- Severe injury following an accident
- Injuries as a result of the loading or unloading of the cargo hauled
- Falling ill from being exposed to hazardous substances
WHAT TO DO FOLLOWING AN ACCIDENT INVOLVING A TRUCK
-Do not give a statement.
-Do not move or let anyone move you, or your car, unless there is a threat of further injury. Wait for the paramedics and the police.
-Seek medical care and give a complete description of all injuries immediately following the car accident.
-If no injuries are evident, take pictures of all damage to the vehicles involved in the car accident (and photograph the VIN and license plate for identification)
-Take pictures of injuries (all cuts, bruises, wounds, burns or other injuries no matter how small as the insurance company may dispute that a specific part of the body was injured or affected by the accident later on.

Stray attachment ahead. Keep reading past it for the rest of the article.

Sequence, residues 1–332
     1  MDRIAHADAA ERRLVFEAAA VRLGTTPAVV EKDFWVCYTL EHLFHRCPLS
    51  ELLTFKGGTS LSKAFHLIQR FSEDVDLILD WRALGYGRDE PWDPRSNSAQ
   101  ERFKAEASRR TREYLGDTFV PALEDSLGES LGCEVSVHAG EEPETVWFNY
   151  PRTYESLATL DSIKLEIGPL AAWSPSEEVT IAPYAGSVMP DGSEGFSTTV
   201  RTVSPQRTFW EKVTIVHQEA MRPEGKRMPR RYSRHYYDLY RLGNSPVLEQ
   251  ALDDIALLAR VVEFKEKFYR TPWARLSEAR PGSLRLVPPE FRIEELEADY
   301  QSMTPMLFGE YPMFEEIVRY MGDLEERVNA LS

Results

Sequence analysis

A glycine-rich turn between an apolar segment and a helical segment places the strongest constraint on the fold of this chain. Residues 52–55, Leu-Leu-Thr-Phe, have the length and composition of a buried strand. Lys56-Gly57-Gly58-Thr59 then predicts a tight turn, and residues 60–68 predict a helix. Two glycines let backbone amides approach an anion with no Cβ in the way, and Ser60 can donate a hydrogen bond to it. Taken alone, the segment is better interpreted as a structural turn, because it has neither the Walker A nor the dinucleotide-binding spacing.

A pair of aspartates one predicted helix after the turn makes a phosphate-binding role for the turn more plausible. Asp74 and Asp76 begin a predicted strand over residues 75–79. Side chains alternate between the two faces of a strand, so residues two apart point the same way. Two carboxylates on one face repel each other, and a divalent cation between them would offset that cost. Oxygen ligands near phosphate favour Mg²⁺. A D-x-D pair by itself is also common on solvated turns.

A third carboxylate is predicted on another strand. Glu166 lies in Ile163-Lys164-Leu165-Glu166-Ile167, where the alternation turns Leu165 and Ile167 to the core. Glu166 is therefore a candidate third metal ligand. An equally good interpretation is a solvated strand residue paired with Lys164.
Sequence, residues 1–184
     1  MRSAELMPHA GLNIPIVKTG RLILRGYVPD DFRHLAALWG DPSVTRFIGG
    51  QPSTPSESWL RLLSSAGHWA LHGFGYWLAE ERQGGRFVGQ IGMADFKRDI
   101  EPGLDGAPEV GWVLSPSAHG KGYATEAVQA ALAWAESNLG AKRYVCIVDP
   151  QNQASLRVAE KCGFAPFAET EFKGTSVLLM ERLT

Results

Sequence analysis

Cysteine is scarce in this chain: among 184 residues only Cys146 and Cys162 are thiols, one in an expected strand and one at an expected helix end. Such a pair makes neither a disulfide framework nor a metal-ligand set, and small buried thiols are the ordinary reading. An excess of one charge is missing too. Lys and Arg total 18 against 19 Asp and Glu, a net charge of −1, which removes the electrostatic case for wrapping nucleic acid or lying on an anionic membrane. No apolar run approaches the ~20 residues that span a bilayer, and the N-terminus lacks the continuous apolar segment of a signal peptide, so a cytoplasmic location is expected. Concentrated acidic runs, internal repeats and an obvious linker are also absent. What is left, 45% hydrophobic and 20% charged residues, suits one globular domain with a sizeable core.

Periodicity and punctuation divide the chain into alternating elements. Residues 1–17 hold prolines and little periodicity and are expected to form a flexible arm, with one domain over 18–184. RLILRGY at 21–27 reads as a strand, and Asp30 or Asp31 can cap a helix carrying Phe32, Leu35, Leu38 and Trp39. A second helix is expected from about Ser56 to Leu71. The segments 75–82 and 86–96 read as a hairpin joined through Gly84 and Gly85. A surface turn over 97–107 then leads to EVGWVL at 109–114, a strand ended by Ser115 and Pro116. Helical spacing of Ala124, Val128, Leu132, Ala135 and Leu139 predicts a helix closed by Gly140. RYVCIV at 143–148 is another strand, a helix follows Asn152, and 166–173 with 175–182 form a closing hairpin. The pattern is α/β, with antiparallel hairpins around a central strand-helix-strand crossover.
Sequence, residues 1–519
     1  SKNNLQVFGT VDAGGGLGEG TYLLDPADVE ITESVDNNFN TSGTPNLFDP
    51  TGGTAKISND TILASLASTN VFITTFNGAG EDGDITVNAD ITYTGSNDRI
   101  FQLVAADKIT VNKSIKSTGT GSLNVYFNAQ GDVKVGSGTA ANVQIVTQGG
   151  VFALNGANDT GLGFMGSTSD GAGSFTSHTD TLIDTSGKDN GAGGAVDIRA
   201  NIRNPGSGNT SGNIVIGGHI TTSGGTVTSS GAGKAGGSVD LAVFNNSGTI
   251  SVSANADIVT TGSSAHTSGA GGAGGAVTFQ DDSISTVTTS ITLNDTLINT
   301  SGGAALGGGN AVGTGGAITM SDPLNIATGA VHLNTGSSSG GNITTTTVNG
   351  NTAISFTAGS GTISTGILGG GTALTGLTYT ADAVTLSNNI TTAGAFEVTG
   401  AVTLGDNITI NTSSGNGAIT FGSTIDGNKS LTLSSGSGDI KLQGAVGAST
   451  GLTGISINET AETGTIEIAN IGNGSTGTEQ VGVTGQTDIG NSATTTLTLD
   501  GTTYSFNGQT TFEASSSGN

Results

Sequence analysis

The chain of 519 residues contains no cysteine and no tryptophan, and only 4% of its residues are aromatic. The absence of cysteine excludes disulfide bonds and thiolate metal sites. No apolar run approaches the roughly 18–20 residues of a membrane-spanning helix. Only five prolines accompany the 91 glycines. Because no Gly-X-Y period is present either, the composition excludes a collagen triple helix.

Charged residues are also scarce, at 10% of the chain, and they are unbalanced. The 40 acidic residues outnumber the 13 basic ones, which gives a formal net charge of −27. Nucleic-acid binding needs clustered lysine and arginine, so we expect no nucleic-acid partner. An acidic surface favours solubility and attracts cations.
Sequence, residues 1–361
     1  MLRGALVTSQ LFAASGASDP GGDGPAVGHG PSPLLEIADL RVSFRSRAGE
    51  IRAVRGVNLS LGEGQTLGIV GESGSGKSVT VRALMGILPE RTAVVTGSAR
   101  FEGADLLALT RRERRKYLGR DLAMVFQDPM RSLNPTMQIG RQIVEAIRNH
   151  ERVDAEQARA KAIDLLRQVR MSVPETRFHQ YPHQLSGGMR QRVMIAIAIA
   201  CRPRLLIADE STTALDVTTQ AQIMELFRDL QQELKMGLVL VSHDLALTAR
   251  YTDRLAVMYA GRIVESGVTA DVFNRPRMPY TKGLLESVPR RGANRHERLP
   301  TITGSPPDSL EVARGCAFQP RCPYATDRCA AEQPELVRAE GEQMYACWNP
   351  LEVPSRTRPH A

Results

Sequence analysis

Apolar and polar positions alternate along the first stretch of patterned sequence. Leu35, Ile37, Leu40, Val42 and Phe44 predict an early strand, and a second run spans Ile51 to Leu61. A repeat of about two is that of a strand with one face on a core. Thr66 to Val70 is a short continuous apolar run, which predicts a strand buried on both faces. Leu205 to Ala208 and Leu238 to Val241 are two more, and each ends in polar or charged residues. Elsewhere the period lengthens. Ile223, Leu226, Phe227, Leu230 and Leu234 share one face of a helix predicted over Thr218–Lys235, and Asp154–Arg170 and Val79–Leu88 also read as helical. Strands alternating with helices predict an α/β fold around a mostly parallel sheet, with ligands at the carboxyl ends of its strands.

-Gather all of the trucking company’s insurance policies and Group Health Insurance information to assist with the processing of payment for your treatment and lost wages while your claim against the negligent party is ongoing.
-Notify your insurance company of the trucking accident (your auto insurance policy requires that you contact them immediately after the accident and failure to do so may jeopardize your coverage).
-Visit your family doctor for a follow-up.
-Contact the Perazzo Law Firm as soon as possible.
THE TYPES OF VEHICLES INVOLVED IN TRUCK ACCIDENTS
- Tractor trailers
- Semi Rigs
- Big Rigs
- 18-Wheel Rigs
- Delivery Trucks
- Tow trucks
- Dump Trucks
- Trash Trucks
- Long Distance Buses
- Emergency Rescue Vehicles
- Road Maintenance Trucks
- Ride-share Trucks
- Transit Buses
- And more…
If you, a friend, or relative has been injured in a Trucking Accident in Miami-Dade or Broward County Cities and Suburbs, Contact Perazzo Law Online or call (786) LAWS-411 for a FREE consultation . See CITIES WE SERVE.